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Title: Replication data for: The Influence of News Media on Political Elites: Investigating Strategic Responsiveness in Congress      
dateReleased:
03-25-2015
downloadURL: http://dx.doi.org/10.7910/DVN/27597
ID:
doi:10.7910/DVN/27597
description:
News media play a central role in democratic politics, yet we know little about how media affect the behavior of policy makers. To understand the conditions under which news media influence political elites, we advance a theory of strategic responsiveness, which contends that elected representatives are more likely to heed their constituents' preferences when voters are attentive. Accordingly, news media's influence on legislative behavior should be most apparent near elections and dependent on the partisan composition of the constituency. We capitalize on the incremental roll-out of the conservative Fox News Channel in the late 1990s to evaluate our theoretical predictions. Fox News caused both Republicans and Democrats in Congress to increase support for the Republican Party position on divisive votes, but only in the waning months of the election cycle and among those members who represent districts with a sizable portion of Republican voters.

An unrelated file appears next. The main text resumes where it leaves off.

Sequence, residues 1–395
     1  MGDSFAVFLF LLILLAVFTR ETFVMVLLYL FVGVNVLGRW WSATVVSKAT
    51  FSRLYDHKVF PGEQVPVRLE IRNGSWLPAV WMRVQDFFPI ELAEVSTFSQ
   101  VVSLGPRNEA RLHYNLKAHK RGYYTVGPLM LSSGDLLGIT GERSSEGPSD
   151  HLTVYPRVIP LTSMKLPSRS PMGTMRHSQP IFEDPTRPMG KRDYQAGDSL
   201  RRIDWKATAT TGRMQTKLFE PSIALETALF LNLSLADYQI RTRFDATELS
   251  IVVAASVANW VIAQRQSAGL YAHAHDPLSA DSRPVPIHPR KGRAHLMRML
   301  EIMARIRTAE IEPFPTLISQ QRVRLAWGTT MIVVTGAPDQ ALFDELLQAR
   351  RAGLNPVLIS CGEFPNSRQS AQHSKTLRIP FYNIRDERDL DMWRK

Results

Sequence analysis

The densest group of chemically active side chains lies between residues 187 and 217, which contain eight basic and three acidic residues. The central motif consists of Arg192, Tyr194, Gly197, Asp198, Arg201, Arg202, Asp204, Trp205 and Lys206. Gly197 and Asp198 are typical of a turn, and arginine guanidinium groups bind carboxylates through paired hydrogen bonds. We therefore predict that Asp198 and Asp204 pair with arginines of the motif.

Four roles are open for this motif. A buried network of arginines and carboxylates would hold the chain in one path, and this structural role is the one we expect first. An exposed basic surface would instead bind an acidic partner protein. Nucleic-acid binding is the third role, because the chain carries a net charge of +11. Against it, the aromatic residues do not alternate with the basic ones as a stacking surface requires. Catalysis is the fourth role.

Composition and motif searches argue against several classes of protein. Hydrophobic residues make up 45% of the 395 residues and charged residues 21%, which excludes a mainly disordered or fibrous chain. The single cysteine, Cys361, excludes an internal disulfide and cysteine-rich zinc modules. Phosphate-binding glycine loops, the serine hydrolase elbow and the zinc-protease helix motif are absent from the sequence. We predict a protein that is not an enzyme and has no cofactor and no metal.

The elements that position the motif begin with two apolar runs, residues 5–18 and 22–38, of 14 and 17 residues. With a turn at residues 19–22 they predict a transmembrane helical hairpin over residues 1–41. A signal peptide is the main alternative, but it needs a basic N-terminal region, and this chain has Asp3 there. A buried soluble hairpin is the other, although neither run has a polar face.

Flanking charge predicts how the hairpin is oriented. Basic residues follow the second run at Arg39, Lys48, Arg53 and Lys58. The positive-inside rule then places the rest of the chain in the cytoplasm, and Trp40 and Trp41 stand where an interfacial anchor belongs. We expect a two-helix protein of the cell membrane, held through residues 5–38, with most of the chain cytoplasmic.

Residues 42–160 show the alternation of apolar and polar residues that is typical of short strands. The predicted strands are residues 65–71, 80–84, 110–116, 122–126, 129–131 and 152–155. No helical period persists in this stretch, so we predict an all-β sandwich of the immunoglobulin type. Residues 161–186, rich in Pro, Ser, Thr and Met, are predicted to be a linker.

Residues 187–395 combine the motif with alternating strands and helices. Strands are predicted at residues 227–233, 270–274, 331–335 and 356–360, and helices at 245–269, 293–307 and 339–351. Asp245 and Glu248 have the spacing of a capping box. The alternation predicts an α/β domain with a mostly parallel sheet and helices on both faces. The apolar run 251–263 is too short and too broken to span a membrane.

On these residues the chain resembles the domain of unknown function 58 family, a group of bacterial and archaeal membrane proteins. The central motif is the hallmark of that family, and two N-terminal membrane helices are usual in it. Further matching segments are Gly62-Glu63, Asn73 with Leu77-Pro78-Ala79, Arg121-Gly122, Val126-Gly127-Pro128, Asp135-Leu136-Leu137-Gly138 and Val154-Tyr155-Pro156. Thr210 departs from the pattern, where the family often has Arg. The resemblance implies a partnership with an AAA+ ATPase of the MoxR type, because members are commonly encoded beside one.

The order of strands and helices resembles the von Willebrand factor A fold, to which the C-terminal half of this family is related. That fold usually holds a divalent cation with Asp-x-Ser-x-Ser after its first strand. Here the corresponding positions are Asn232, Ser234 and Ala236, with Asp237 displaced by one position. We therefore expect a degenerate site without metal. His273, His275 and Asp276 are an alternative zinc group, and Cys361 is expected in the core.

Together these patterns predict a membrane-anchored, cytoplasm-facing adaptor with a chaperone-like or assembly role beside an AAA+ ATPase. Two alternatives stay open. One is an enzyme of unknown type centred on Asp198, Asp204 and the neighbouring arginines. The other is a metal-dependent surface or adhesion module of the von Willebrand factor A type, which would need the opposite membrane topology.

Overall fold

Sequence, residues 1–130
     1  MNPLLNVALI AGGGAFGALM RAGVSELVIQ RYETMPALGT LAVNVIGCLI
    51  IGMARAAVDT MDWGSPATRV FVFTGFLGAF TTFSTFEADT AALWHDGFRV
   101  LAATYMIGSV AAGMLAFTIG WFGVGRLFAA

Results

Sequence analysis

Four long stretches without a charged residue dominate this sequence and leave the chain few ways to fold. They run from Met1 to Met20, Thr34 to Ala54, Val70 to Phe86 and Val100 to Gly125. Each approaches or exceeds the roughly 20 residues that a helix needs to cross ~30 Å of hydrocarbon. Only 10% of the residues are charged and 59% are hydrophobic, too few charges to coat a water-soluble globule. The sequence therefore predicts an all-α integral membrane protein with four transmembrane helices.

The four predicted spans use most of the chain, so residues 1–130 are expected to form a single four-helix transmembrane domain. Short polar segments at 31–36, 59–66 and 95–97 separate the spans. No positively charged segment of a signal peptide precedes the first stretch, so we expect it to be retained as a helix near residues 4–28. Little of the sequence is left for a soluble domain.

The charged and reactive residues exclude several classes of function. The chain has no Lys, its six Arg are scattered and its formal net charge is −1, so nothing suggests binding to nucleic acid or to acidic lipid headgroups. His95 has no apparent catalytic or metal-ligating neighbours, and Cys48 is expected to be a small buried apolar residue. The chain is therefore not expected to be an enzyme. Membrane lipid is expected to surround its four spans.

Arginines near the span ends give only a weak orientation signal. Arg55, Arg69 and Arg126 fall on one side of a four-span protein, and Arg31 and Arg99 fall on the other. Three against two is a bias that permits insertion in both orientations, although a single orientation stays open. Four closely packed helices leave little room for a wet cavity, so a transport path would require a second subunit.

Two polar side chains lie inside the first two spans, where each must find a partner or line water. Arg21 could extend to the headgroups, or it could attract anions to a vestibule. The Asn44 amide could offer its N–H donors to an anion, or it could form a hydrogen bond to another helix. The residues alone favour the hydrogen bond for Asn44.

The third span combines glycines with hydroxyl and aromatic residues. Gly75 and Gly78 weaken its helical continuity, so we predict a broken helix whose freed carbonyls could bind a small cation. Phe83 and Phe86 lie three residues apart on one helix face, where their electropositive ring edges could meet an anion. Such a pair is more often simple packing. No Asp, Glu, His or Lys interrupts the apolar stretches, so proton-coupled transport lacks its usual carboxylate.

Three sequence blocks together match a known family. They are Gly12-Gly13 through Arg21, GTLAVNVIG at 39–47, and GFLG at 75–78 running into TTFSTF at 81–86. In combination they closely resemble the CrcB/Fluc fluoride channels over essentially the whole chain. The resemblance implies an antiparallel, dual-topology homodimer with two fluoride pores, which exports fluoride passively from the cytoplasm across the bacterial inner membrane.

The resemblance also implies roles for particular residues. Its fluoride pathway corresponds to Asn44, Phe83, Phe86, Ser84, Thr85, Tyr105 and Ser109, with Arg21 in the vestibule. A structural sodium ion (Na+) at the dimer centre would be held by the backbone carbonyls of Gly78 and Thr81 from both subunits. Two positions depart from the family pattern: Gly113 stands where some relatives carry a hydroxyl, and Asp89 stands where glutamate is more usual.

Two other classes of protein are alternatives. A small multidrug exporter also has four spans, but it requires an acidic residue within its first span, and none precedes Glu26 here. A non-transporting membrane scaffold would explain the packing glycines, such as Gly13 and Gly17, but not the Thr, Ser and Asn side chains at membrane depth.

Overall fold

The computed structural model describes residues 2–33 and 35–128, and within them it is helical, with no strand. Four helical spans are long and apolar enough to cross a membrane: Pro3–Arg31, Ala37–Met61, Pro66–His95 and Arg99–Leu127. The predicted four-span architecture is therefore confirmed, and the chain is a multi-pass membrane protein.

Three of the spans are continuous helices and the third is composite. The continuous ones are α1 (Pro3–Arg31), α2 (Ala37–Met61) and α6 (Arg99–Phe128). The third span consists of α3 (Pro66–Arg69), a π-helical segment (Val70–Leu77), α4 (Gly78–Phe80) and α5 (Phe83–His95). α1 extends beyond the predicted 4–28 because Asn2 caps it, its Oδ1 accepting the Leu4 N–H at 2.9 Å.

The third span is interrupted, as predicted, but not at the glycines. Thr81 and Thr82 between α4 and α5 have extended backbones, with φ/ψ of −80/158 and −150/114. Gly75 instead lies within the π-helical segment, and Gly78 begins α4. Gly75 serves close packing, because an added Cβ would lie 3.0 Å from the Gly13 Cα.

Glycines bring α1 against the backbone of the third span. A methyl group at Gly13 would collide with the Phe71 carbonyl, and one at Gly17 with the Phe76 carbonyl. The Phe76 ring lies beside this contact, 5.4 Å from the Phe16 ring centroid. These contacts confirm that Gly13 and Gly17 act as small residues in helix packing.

description:
Kevin Arceneaux; Martin Johnson; Rene Lindstadt; Ryan J. Vander Wielen, 2014, "Replication data for: The Influence of News Media on Political Elites: Investigating Strategic Responsiveness in Congress", http://dx.doi.org/10.7910/DVN/27597, Harvard Dataverse, V2
name:
Kevin Arceneaux
Martin Johnson
Rene Lindstadt
Ryan J. Vander Wielen
homePage: http://www.harvard.edu/
name:
Harvard University
ID:
SCR:011273
abbreviation:
DataVerse
homePage: http://thedata.org/
name:
Dataverse Network Project
ID:
SCR:001997